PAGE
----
To listen to this blog post in audio format, click the play button below:
National Novel Writing Month (NaNoWriMo) has come to a close for another year.
A fraction of the writers (around 14%) who participated reached their goal of writing 50,000 words in 30 days. The vast majority of writers (the other 86%) failed to achieve what they set out to do.
If you’re reading this, you probably ended up on the wrong side of that 14/86 split.
While I may not know you, I have worked with hundreds of writers just like you over the last several years, and I’m confident I can tell you exactly why you failed to reach the 50K mark. It was almost certainly a combination of the following five reasons.
1. You didn't have a plan
By “a plan”, I mean a specific writing schedule that identified when, where, and how many words you were going to write each day. This Writing Plan should also have identified where you were going to be recording your daily word count, and how you would get back on track for days when you fell behind your word count goals.
You should also have developed a Life Plan that identified mitigation strategies for all those life issues (work, family, chores, other responsibilities) that end up getting in the way of writing.
Did Thanksgiving and all the family, food, and relatives that go along with it distract you from your writing part-way through the month? Well, Thanksgiving happens every year, and you should have prepared for the holiday by working it into your Writing/Life Plans for November.
In the project management world, we call these plans a “critical path”. We use the word “critical” because when activities begin to stray from the planned path, it can result in total project failure. If you failed to reach the 50K mark, it means you probably didn’t plan adequately for what was to come.
2. You didn't do the (absolutely necessary) writer's craft grunt work before hand
Writing a novel involves a massive amount of work before the first page ever being written.
Long before you type the words “Chapter 1”, you need to have clearly identified what genre you’re going to be writing in, where it falls culturally in the genre cycle, and what its obligatory scenes, genre tropes, and key iconography entail.
You also need to have chosen a proven story structure to format your narrative around. I don’t care if it’s the Hero’s Journey, Freytag’s pyramid, the Elizabethan five act structure, the Hollywood three act structure, or the Brooks/Weiland four act novel structure. What I DO care about is that you chose one BEFORE you started writing.
In addition, you need to have done the character work necessary to ensure that on the first day of NaNo, you already knew who your protagonist was, what she wanted, and what she actually needed. You should also have crafted a beat sheet identifying all the major plot points in your narrative, and maybe even expanded some of them out into longer paragraphs or partial scenes.
If you didn’t do this work before November 1, you were all but dooming yourself to failure before you even began. These activities are the mandatory grunt work of writer’s craft and they cannot be ignored.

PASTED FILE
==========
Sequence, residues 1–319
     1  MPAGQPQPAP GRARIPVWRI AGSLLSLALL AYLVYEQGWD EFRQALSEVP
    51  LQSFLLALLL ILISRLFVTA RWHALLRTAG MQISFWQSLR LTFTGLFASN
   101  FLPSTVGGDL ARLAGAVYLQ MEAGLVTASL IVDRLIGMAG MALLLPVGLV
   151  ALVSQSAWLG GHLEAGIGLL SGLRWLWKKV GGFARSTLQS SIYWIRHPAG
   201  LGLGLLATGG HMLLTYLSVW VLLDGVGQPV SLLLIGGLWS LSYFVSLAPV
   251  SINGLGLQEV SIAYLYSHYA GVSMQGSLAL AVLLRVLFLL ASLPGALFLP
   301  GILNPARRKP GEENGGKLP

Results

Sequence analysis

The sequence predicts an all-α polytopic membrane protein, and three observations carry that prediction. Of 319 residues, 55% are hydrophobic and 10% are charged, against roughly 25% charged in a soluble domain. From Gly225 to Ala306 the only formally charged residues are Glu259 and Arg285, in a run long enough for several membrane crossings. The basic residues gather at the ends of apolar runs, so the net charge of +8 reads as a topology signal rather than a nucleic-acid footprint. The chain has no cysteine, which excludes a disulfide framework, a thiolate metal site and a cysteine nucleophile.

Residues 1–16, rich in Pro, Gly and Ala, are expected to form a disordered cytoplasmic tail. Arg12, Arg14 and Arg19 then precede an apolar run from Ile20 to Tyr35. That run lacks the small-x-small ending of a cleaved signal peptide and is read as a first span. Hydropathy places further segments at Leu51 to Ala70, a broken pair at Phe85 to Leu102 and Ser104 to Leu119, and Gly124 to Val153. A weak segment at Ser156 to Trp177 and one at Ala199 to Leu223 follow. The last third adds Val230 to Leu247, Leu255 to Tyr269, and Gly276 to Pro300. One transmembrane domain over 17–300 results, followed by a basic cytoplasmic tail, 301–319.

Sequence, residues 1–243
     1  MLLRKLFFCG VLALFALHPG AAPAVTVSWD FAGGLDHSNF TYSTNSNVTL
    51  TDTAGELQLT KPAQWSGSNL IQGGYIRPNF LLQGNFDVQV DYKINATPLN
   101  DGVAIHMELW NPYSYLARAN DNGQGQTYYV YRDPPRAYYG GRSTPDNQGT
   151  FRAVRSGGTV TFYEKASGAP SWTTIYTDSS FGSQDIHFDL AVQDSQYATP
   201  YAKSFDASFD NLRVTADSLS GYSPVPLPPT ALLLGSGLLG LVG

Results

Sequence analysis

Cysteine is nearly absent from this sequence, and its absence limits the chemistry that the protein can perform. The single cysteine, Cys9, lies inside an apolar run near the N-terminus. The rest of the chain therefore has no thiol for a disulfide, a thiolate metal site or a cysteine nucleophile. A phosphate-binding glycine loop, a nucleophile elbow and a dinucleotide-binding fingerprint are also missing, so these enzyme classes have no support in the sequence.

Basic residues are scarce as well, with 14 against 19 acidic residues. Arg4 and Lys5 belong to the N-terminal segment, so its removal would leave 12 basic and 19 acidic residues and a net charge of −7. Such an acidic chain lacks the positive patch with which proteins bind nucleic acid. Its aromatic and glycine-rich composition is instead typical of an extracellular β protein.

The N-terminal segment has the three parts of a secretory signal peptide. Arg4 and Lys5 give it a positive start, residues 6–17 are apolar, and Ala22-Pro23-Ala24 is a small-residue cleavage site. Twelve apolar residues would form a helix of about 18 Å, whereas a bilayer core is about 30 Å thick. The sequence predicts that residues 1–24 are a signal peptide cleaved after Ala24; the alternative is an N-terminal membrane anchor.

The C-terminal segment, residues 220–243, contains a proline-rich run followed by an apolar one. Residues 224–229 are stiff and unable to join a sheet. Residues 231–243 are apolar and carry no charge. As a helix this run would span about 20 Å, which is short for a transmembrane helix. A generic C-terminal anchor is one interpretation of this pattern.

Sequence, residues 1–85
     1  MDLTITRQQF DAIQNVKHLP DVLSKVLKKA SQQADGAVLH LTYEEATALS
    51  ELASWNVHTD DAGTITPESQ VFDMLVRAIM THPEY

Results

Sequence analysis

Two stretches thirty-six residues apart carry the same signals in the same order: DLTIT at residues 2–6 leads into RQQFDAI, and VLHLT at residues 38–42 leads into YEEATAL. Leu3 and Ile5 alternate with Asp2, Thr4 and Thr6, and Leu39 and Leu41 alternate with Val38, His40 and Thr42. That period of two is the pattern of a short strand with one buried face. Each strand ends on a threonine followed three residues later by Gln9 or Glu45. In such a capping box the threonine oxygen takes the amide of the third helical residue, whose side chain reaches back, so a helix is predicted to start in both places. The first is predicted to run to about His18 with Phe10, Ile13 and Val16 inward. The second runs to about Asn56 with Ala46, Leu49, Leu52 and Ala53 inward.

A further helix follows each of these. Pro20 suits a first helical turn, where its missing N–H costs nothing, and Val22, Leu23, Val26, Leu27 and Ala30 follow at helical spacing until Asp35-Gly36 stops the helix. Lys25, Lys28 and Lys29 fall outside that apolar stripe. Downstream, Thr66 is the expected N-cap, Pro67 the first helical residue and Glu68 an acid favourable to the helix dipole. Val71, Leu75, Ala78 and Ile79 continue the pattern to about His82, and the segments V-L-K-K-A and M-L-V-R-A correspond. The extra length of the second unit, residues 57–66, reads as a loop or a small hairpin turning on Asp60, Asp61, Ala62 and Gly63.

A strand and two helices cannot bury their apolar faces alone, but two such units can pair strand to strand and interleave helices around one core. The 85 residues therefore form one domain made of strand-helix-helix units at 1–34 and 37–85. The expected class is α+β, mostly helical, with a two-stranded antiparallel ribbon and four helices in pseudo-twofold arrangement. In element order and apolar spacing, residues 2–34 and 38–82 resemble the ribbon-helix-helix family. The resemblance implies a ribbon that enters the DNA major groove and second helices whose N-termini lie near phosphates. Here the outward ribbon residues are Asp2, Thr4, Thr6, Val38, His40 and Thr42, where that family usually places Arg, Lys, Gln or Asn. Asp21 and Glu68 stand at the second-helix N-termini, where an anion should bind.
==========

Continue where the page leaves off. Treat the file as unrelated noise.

3. You lacked personalized accountability and motivation
One of the great things about NaNoWriMo is the way it gathers together a community of writers who can support one another throughout the challenge. This support comes in the form of online forums as well as IRL writing events.
If you failed to reach your goals in November, you either didn’t reach out to your local and/or online community of writers, or the community you did reach out to didn’t provide you with the amount of accountability you needed to be successful.
While fellow writers are an essential component of your growth and progress as a writer, you can’t expect them to support you the way a writing coach, like myself, would. For example, I recorded 30 motivation videos for my clients participating in NaNo (one for each day), and we changed our bi-weekly group coaching sessions into weekly sessions for the entire month of November. How might those 30 videos and 5 coaching sessions have helped you stay on track?
The fact that you didn’t have someone personally invested in your success meant you didn’t have any real stakes or consequences for not completing what you said you wanted to achieved. We’re all great at telling ourselves excuses about why we didn’t do what we said we were going to do, but telling that excuse to your writing coach is a whole other thing.
4. You bottomed out in the Transition Curve
The steps in any major project can be chartered along a Transition Curve, also known as S Curve. One of the interesting things about NaNoWriMo is that it forces writers to experience the transition curve at the accelerated pace.
The transition curve looks like this:
You begin a project with uninformed optimism. You don’t know what you don’t know, and so you’re filled with enthusiasm, excitement, and the passion to embark on this new endeavor.